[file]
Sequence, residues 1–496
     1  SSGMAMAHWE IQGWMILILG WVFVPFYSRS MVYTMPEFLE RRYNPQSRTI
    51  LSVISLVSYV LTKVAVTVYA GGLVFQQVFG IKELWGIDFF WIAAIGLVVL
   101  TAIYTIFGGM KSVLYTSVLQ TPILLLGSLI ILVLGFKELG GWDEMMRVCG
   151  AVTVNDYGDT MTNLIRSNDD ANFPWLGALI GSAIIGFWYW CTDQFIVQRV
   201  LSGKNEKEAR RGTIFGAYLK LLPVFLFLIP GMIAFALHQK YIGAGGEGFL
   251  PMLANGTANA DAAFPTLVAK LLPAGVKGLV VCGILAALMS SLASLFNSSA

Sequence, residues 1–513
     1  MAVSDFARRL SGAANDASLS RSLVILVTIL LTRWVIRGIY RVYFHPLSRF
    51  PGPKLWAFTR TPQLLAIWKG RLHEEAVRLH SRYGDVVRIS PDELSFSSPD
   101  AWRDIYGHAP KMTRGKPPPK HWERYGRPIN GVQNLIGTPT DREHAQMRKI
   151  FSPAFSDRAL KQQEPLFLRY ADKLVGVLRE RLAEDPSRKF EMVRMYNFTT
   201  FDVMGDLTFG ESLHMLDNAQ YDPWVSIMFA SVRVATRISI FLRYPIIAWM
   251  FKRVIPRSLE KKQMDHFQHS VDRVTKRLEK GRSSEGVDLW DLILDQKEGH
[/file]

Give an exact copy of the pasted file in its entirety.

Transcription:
Sequence, residues 1–496
     1  SSGMAMAHWE IQGWMILILG WVFVPFYSRS MVYTMPEFLE RRYNPQSRTI
    51  LSVISLVSYV LTKVAVTVYA GGLVFQQVFG IKELWGIDFF WIAAIGLVVL
   101  TAIYTIFGGM KSVLYTSVLQ TPILLLGSLI ILVLGFKELG GWDEMMRVCG
   151  AVTVNDYGDT MTNLIRSNDD ANFPWLGALI GSAIIGFWYW CTDQFIVQRV
   201  LSGKNEKEAR RGTIFGAYLK LLPVFLFLIP GMIAFALHQK YIGAGGEGFL
   251  PMLANGTANA DAAFPTLVAK LLPAGVKGLV VCGILAALMS SLASLFNSSA

Sequence, residues 1–513
     1  MAVSDFARRL SGAANDASLS RSLVILVTIL LTRWVIRGIY RVYFHPLSRF
    51  PGPKLWAFTR TPQLLAIWKG RLHEEAVRLH SRYGDVVRIS PDELSFSSPD
   101  AWRDIYGHAP KMTRGKPPPK HWERYGRPIN GVQNLIGTPT DREHAQMRKI
   151  FSPAFSDRAL KQQEPLFLRY ADKLVGVLRE RLAEDPSRKF EMVRMYNFTT
   201  FDVMGDLTFG ESLHMLDNAQ YDPWVSIMFA SVRVATRISI FLRYPIIAWM
   251  FKRVIPRSLE KKQMDHFQHS VDRVTKRLEK GRSSEGVDLW DLILDQKEGH